Can the landlord enforce a lease contract under Chinese laws?

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Leasing is a commonplace type of real estate deals in the market. There are many kinds of leases, apartment lease, factory lease and office lease etc.  Serviced offices are regarded as a type of lease with special features.

Landlords always have the same headaches of tenants terminating the lease prematurely. For serviced office providers, this headache is the biggest one. A typical scenario is where the tenant delays in paying the rental for a certain month and then just returned the keys and disappeared.

Landlords are now facing up the question: whether it is legal and possible to enforce the tenant to carry out the lease pursuant to its terms?

The special chapter of “lease contract” in China Contract Law does not offer a clear answer to the question. As a general principle as laid out in Article 107, in the case of breach of contract, the other party to the contract may sue to request the breaching party for real performance, remedial measures or damages. In particular, Article 109 provides that where a party fails to pay contract price or remuneration, the other party to the contract shall have the right to ask the breaching party to pay.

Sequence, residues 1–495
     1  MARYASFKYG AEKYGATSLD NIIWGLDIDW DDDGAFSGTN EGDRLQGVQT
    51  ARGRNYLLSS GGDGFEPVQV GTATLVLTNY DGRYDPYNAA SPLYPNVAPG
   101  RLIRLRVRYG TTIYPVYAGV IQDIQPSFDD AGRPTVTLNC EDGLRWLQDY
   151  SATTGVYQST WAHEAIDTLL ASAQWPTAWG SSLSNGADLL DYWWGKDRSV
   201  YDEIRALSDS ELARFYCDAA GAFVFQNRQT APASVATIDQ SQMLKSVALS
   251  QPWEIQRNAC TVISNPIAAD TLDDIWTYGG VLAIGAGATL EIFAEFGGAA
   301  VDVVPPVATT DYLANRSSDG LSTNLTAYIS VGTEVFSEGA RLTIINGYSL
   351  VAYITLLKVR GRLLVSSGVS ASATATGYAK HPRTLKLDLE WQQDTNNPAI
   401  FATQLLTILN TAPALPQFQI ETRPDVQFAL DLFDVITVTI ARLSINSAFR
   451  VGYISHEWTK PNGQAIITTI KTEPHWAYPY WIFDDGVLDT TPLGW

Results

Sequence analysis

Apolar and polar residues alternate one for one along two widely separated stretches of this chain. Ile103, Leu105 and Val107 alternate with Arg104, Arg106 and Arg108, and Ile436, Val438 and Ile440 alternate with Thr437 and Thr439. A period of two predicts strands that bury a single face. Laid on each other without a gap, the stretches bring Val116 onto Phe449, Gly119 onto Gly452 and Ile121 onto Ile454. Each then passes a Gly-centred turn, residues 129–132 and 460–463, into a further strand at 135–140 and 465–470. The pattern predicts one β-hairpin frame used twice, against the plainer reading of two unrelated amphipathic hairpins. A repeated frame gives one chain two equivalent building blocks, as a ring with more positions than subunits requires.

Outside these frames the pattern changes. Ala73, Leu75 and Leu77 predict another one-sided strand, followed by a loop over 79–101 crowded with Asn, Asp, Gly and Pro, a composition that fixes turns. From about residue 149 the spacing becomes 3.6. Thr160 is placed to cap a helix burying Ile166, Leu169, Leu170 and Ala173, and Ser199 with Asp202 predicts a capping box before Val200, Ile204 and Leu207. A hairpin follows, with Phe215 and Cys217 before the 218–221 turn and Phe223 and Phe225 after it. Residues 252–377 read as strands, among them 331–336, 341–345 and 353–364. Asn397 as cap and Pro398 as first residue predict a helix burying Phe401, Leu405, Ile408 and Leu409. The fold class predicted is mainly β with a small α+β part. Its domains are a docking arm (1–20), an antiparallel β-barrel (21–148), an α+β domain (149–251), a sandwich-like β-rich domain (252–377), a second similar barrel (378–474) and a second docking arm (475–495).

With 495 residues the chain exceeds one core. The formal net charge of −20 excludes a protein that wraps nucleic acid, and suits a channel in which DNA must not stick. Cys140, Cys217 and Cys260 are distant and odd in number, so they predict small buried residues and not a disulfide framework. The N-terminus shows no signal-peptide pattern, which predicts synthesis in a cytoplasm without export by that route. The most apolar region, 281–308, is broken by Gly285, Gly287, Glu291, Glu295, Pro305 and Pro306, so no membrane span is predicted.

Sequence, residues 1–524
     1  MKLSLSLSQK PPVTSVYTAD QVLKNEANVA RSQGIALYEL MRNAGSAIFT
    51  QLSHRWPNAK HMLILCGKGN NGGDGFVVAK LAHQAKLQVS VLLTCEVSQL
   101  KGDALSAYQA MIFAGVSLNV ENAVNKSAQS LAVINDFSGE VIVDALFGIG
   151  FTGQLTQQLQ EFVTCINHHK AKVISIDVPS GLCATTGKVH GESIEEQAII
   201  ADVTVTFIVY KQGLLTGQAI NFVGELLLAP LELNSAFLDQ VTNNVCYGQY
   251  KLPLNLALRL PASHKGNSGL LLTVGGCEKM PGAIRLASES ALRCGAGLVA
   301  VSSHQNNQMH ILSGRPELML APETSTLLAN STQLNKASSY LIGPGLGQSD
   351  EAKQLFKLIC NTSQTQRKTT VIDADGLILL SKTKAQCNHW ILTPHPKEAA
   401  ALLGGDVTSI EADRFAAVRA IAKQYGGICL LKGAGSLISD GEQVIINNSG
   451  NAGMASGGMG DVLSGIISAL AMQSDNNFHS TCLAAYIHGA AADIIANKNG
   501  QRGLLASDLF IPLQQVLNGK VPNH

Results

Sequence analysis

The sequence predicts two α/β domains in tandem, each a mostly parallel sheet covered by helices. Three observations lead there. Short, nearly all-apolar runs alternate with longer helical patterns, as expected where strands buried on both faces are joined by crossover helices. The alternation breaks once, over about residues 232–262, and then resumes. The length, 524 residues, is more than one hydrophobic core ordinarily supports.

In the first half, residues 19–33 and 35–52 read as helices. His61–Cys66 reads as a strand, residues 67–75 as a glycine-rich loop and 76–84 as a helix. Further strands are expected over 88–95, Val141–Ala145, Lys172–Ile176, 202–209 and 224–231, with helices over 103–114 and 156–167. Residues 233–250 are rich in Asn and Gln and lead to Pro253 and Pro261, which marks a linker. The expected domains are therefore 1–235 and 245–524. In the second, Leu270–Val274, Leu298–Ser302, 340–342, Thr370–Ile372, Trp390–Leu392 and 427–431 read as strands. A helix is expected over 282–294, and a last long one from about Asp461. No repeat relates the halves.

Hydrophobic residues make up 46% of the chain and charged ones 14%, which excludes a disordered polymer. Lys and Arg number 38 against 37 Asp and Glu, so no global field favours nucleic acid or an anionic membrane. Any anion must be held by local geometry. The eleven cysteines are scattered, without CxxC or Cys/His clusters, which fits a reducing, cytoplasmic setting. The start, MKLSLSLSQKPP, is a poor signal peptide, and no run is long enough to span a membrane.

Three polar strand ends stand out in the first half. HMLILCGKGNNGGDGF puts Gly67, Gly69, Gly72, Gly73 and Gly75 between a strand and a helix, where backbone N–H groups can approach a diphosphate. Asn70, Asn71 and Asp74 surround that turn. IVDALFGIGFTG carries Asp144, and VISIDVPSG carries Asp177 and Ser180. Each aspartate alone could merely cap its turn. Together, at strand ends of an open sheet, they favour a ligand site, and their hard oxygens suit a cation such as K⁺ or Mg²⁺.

It seems that it is ok for the landlord to request the tenant to continue to perform the lease contract.  Now the problem is whether the court is willing to order the tenant to pay the rental while the tenant refuses to use the property or has already vacated the property.

On one hand, under a valid lease contract, the tenant has the obligation to pay the rent in exchange for its right to use and enjoy the property (other leased objects). Once the landlord delivers or gives possession of the property to the tenant, it is up to the tenant as to whether to use the property and how to use it, subject to contract terms and laws. Strictly speaking, the tenant is still bound to pay the rents even if it leaves the property idle. Anyway, as a matter of law or legal philosophy, a right can be enjoyed or abandoned by its owner.

On the other hand, in the event that the tenant (business entity or manufacturer) terminates the lease contract and moves out of the property (though in violation of the contract terms), it must lease another property for use as a matter of course. That said, if the court supports the landlord’s claim for specific performance of the lease contract, that tenant will be left in a dire situation where it has to pay two rents for its one business operation. This may well turn on the conscience of Chinese courts who have a traditional propensity to look beyond the terms of contract to redress justice and equity.

So it is my opinion that Chinese courts won’t readily to enforce a lease contract against the tenant who early terminates a valid contract in violation with the terms and conditions of the said lease contract.

In case of early termination by the tenant in default, the landlord while he may request the tenant to continue to honor the lease contract should actually start looking for replacement tenant in order to save and mitigate possible loss, and get prepared to sue for damages in accordance with contract terms.

 

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